Fashion photographer David LaChapelle, who is perhaps best known for directing J-Lo videos and Burger King commercials, makes a surprisingly capable feature directorial debut with his energetic documentary Rize, a film that is part social analysis and part music-video.
The movie begins with the introduction of Tommy the Clown, the patriarch and inventor of "clowning," whose silly, laid-back style of dance posturing and terrifying clown makeup quickly earned him a legion of followers outside of the birthday parties he entertains. Like almost all teen fads, clowning quickly spawned some 30 rival groups, not to mention a new style of dance, "krumping," which has recently enjoyed wide notice in music-videos (many of which were directed by LaChapelle).
Rize focuses on both styles of dance, and while LaChapelle tries to be objective, he clearly is more enamored with krumping, choosing to focus most of his talking-head interviews on the more violent krumpers who eschew Tommy the Clown's lackadaisical approach.
While recent press has consistently compared krumping with break-dancing, the two dances share hardly anything in common other than emerging from urban, black neighborhoods. Instead, krumping, with its aggressive posturing, shoving matches and adolescent angst, shares far more in common with another of the region's teen dances: the slam-dance of late-'70s Southern California hardcore. Like slam-dancing, krumping relies on the overall catharsis of group experience. In a variation on the '60s anthem, you better find somebody to shove.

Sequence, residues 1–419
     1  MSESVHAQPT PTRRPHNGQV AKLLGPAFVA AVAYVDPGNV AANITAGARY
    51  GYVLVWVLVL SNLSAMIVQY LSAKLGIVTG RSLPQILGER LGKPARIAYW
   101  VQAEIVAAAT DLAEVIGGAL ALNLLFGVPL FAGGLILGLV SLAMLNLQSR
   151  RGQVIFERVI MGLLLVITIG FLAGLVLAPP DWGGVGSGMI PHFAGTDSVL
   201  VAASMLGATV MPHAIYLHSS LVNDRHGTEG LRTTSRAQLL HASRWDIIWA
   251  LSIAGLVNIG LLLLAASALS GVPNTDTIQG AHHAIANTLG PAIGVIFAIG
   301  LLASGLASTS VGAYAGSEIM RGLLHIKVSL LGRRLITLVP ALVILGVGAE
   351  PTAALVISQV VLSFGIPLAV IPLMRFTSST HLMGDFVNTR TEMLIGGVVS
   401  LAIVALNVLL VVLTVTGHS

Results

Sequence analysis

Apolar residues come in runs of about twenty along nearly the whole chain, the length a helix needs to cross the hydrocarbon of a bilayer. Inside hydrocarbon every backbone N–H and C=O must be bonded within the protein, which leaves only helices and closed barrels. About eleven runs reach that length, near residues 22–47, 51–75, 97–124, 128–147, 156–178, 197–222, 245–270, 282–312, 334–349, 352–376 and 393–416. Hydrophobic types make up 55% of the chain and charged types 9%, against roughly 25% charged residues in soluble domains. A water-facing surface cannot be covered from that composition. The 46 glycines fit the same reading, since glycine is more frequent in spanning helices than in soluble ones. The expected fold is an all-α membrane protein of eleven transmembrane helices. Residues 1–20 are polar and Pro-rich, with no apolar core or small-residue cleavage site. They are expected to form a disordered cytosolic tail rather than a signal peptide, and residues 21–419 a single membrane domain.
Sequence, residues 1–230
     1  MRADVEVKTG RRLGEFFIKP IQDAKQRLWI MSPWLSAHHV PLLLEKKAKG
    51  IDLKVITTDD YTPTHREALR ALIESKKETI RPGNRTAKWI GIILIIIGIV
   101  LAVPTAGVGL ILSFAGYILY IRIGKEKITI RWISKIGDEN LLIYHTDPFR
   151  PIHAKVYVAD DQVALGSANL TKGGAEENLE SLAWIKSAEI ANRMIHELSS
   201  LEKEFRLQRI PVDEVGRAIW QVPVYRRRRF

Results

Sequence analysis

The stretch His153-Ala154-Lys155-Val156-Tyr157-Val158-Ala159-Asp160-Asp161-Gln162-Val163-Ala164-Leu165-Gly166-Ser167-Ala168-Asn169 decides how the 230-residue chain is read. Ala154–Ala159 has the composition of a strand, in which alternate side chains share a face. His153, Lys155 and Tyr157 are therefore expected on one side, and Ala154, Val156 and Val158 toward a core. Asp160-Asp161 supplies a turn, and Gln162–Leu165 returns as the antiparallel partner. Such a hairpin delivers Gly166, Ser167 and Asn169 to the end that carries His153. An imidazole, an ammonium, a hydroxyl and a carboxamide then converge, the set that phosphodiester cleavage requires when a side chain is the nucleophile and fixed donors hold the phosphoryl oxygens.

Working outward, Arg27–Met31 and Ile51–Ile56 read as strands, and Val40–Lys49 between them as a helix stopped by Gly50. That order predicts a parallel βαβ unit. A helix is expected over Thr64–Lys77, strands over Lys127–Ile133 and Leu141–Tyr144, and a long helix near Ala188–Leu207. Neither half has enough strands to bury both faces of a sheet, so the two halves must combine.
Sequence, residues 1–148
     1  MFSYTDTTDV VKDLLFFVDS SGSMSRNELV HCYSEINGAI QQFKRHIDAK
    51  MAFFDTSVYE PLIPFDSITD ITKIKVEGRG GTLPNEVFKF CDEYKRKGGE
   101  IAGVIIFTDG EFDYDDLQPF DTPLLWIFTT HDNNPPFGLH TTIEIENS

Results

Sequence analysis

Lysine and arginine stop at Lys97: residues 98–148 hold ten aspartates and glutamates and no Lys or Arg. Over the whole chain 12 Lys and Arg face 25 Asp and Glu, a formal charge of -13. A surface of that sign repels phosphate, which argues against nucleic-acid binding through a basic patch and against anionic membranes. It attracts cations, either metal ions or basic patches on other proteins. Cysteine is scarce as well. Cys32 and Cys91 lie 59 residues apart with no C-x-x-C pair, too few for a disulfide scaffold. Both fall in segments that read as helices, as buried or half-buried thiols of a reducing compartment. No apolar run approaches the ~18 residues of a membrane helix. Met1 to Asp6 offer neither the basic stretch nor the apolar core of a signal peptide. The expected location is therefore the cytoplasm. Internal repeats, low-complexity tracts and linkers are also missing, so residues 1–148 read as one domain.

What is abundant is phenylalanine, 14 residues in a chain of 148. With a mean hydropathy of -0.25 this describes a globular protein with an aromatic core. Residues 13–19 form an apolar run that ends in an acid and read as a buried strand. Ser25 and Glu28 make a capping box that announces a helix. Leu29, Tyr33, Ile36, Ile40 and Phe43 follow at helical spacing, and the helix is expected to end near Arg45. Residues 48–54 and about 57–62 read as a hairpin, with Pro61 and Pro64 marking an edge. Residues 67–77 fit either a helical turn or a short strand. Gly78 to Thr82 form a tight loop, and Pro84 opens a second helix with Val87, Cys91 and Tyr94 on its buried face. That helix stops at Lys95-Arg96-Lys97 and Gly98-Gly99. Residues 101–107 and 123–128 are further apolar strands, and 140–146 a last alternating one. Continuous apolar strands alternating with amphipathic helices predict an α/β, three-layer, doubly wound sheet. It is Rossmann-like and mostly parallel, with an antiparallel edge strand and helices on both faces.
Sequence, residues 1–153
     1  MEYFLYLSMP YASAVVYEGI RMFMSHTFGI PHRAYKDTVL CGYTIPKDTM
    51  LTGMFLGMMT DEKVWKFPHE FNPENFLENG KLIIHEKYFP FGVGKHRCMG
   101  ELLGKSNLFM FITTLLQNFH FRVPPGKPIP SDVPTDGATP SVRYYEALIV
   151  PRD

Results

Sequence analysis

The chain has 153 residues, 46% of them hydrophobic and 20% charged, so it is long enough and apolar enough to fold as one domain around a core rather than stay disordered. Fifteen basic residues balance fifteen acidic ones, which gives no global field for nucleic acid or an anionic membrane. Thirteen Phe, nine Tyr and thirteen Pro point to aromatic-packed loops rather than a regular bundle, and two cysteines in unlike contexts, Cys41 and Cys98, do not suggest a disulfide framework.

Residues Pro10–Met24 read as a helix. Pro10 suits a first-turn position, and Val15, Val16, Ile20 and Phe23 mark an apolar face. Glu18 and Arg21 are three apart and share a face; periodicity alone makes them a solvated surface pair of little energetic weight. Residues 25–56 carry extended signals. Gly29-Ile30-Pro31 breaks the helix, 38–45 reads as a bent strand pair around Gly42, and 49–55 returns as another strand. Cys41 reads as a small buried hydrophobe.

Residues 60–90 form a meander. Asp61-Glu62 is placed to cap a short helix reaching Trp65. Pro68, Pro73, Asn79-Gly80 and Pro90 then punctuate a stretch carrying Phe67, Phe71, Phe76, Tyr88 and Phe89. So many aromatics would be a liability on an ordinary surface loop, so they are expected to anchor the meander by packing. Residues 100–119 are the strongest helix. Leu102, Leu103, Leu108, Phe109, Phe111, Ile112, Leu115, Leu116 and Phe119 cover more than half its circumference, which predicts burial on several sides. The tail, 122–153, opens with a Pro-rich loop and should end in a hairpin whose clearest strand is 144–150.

While the potential violence may alienate some, LaChapelle shrewdly demonstrates that this is a way out for many teens in south-central Los Angeles. In a culture which places so much emphasis on sports, it is always remarkable when kids start their own scene to both uplift and represent themselves. As one teen wryly notes, "Not everyone is a football player." From mods and rockers to Goths and punks, nothing is more empowering for teenagers than to create their own movement.
Empowerment aside, in today's America in which everything, particularly youth culture, is for sale, krumping and clowning can be a way up the economic ladder. Indeed, LaChapelle has cast many of his interview subjects in the latest cowboy-chapped Christina Aguilera video. Welcome to McKrumping.
Rize is not without its flaws. Instead of using his subjects' source music, LaChapelle instead employs a loud, bass-thumping score to accompany the dancers' moves. One is left wondering if the teens are truly Dizzee Rascal aficionados or instead listen to music that is as original and novel as their dance moves.
And sadly, LaChapelle at one point compares krumping and clowning to seemingly unrelated African tribal dances. The dancers in the National Geographic stock footage share nothing in common with the Los Angeles teens other than skin color. The tribal dances are as similar to krumping and clowning as the landscape of sub-Saharan Africa is to south-central L.A. The result is as offensive as it is naïve. And the suggestion that this scene on the streets of Los Angeles is African undermines the documentary's principal theme, that krumping (like rap, punk and rock 'n' roll before it) is inherently American.